Service engines are containers that host the business logic or processing rules of these service components. Service engines process the message information received from the Service Infrastructure.

There is a corresponding service engine of the same name for each service component. All service engines can interact in a single composite.

For more information, see Oracle Fusion Middleware Administrator's Guide for Oracle SOA Suite and Oracle BPM Suite.

1.6.3 Deployed Service Archives

The SAR is a SOA archive deployment unit. A SAR file is a special JAR file that requires a prefix of sca_. (for example, sca_OrderBookingComposite_rev1.0.jar). The SAR file is deployed to the Service Infrastructure. The SAR packages service components, such as BPEL processes, business rules, human tasks, and mediator routing services into a single application. The SAR file is analogous to the BPEL suitcase archive of previous releases, but at the higher composite level and with any additional service components that your application includes (for example, human tasks, business rules, and mediator routing services).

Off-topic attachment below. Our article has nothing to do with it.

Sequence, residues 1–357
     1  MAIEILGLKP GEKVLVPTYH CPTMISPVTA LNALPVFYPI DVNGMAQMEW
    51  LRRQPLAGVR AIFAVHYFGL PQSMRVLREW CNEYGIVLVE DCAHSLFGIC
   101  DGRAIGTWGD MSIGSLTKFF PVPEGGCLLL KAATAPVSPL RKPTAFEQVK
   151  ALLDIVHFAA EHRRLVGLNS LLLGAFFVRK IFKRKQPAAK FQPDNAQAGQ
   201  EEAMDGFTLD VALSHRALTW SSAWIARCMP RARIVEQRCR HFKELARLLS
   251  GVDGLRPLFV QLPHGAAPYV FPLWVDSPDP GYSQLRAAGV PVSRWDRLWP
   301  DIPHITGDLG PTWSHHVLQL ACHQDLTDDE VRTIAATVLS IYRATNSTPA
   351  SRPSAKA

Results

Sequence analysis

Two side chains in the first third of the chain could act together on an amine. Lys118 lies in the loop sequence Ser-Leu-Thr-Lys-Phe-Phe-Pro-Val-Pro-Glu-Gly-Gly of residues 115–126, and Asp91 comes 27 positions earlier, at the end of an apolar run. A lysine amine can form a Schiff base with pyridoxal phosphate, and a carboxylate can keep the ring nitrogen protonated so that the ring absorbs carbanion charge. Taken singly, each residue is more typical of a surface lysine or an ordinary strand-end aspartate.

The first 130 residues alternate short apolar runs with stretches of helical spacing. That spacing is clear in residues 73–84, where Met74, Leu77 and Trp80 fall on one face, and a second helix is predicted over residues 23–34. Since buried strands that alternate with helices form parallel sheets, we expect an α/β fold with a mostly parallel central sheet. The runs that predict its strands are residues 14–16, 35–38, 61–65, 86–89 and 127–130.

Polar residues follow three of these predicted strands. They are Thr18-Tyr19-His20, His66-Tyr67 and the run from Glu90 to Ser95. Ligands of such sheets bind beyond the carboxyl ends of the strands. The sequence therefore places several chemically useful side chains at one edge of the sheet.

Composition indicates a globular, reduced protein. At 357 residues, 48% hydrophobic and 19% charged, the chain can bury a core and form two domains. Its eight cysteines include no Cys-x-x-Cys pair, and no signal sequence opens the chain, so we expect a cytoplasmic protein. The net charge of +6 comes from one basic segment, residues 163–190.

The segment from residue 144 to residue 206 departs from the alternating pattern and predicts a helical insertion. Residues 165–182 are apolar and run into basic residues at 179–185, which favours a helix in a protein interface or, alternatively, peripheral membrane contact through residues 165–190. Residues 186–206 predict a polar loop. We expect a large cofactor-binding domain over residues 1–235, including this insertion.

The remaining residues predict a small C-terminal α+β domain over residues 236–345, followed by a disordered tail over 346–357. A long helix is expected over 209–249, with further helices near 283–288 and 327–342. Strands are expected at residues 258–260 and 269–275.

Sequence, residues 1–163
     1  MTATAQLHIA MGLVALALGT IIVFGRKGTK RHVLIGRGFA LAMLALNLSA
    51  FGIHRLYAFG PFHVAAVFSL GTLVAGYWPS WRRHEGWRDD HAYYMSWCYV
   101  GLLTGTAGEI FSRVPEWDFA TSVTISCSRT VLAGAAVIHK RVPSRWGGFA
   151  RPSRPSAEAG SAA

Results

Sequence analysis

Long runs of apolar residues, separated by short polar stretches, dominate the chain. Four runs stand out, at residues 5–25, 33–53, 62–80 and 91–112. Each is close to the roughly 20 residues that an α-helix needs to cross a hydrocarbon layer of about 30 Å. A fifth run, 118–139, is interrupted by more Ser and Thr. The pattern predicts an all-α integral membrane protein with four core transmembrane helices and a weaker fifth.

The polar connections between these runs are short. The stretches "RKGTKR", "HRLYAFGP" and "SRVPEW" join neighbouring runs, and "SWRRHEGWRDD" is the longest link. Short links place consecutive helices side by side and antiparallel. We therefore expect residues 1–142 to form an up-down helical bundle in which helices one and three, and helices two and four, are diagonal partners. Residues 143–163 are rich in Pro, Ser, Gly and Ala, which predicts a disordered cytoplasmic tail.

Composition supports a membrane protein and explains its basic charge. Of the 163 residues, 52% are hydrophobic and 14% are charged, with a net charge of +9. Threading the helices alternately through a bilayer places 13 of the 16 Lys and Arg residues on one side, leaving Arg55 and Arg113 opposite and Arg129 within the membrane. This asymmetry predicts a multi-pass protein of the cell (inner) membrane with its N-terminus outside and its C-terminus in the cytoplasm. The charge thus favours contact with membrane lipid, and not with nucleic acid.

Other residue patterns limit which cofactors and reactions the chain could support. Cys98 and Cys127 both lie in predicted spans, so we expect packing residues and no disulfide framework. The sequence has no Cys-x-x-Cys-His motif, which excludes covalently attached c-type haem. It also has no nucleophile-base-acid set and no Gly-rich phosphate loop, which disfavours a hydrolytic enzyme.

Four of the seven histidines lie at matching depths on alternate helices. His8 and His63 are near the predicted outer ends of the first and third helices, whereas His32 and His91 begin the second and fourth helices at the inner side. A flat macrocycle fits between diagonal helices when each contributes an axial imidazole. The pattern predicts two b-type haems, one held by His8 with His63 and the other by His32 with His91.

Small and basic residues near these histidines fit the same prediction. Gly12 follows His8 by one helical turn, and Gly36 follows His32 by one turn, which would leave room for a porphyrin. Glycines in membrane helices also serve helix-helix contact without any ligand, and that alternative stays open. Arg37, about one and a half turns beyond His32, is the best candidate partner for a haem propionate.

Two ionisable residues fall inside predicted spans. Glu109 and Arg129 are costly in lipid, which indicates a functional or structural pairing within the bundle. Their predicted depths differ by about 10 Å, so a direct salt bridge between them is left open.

For more information, see Chapter 41, "Deploying SOA Composite Applications."

1.7 Approaches for Designing SOA Composite Applications

When creating a SOA composite application, you have a choice of approaches for building it:

1.8 Learning Oracle SOA Suite

In addition to this developer's guide, Oracle also offers the following resources to help you learn how you can best use Oracle SOA Suite in your applications:

Note:

While this guide primarily describes how to use Oracle SOA Suite with Oracle WebLogic Server, most of the information is also applicable to using Oracle SOA Suite with other third-party application servers. However, there may be some differences with using third-party application servers.

For information about these differences, see Oracle Fusion Middleware Third-Party Application Server Guide.